Anti-Spam Advocates Win and Lose

Gretchen Gallen
BOCA RATON, Florida – In one of the first lawsuits of its kind, EmarketersAmercia.org, an anonymous group of email marketers, filed a suit in April against three leading anti-spam companies and nine people associated with those companies seeking $75,000 in damages.

This week a U.S. District Court Judge dismissed the suit, although he requested that the anti-spam defendants pay all legal bills associated with the case. Originally, the defendants had requested that the plaintiffs, in this case EMarketersAmerica, pay all attorney fees.

Among the defendants were UK-based Spamhaus, SpamCop, and the Spam Prevention and Early Warning System, all of which have developed highly sophisticated software for blocking and tracking unwanted email. All three companies are known industry-wide for maintaining blocklists of spammers, which are then passed along to Internet Service Providers (ISPs).

The original lawsuit was based on the allegation that the anti-spam advocates had interfered with pre-existing contracts between the group of anonymous marketers and ISPs who eventually blocked those marketers from their networks.

"They're interfering with a contract between the members of our association, the tier-one providers, and the American people," stated Mark Felstein, attorney for EMarketersAmerica. "I believe they're doing it for their own financial gain."

Felstein incorporated Emarketersamerica.org on March 10, 2003, and while he declined to name who his clients were, he said that they are all Florida-based businesses that run electronic marketing operations.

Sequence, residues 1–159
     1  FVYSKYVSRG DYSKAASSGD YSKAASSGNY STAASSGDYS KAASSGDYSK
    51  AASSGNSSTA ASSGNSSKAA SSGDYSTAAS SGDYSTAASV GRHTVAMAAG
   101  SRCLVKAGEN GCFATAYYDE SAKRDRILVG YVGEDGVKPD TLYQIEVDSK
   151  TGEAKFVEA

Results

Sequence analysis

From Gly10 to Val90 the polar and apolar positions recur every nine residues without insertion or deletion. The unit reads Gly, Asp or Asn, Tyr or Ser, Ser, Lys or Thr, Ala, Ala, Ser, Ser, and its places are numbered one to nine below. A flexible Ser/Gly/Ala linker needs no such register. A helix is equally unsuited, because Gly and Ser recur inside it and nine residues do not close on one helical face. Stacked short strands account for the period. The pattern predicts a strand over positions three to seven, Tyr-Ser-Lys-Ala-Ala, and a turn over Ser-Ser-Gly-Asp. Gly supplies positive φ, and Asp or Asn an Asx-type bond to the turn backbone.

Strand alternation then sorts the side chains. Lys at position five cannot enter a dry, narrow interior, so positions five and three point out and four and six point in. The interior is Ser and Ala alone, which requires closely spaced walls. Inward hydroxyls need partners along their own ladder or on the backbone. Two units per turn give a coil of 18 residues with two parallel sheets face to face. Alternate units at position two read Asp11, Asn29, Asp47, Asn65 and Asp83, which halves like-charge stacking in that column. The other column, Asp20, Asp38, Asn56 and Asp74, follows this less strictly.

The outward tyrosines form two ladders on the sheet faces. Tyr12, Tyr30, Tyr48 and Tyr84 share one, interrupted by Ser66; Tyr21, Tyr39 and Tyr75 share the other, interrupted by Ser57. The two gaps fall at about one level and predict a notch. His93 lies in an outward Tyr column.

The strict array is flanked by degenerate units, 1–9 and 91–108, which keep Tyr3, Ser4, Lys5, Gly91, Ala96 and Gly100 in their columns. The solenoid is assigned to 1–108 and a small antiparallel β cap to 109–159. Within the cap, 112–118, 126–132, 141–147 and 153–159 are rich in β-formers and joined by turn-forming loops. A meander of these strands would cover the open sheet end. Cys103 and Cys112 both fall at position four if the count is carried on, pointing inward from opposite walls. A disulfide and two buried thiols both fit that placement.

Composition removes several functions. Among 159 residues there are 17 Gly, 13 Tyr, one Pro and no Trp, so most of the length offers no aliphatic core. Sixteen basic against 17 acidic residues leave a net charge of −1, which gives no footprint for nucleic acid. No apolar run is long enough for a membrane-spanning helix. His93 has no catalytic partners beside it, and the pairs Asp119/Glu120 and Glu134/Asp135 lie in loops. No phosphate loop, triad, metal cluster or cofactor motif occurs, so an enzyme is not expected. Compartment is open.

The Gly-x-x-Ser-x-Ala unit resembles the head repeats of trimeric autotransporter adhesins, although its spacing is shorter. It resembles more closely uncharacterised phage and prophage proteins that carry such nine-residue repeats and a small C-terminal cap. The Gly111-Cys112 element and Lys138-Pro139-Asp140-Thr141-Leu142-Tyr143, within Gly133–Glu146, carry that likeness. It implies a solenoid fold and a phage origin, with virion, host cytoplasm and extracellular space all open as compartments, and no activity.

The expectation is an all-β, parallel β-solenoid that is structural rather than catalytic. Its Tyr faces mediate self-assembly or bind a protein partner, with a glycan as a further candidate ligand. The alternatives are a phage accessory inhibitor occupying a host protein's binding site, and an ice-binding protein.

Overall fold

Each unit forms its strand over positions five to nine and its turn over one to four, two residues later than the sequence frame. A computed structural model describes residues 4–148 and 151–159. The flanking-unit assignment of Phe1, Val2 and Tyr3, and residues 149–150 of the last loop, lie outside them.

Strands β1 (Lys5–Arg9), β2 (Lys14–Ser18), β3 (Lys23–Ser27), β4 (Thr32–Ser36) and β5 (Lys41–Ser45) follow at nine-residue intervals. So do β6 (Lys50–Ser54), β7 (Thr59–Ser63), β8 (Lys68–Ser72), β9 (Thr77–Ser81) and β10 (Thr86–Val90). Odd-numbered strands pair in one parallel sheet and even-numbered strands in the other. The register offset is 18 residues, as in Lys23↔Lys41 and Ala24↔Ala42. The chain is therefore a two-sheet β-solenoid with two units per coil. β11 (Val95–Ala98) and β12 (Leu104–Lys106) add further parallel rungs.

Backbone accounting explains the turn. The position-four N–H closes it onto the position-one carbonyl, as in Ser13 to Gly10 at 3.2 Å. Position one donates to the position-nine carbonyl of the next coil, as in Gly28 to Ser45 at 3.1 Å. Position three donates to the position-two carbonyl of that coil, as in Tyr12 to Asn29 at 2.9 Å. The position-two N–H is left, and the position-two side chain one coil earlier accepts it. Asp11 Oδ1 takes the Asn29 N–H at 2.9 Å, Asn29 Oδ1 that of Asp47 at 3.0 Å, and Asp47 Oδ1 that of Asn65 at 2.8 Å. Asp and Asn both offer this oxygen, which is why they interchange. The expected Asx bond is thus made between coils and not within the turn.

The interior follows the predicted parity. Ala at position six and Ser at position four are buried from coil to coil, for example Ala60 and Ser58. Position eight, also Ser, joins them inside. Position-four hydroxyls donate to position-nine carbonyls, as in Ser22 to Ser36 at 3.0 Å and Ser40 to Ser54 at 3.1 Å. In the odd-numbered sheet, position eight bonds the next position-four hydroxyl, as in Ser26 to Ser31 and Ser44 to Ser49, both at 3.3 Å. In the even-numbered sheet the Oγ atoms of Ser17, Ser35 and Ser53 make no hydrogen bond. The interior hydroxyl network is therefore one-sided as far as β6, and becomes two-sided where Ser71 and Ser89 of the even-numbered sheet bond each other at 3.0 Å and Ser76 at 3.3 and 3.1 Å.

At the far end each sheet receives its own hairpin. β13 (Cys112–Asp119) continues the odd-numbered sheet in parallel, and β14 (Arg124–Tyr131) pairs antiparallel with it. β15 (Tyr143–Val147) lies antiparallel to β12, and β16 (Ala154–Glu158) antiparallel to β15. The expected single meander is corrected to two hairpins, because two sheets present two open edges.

The defendants in the case claim that the anonymous group represents a group of email marketers known for sending unsolicited pornographic and sex-related emails.

At one point in the proceedings, the plaintiffs filed a motion to dismiss their own lawsuit, requesting that the suit be dismissed with prejudice, meaning that the plaintiffs cannot bring similar charges against these individuals in the future.

Reports indicate that the reason behind the request for dismissal was based on anti-spam legislation that could come into effect by January 2004, making many email marketers liable for unsolicited email. The plaintiffs in the case realized that if that legislation is passed, they have no grounds for a lawsuit against companies trying to enforce the same protection for email recipients that the Federal Government intends to support.

"While I am disappointed the court did not impose attorney's fees against Felstein or his clients, I am nonetheless elated by our clear victory in vindicating the rights of spam fighters," lead defense attorney Pete Wellborn was quoted as saying.

It was reported that Wellborn reduced his attorney fee by nearly half following the judge's decision to make the anti-spam defendants pay their own legal fees. His gesture was said to be his contribution to the "war on spam."

Since many spam filters function as nets and often block out a great deal of email that does not fall under the "spam" category, a recent push among ISPs has been to enforce spam-fighting efforts that allow legitimate senders of email to identify themselves before gaining access, while bouncing back mail from senders who choose to remain anonymous.

Microsoft, America Online, Earthlink, and Yahoo! have been in talks since April of this year on how to define spam-fighting standards.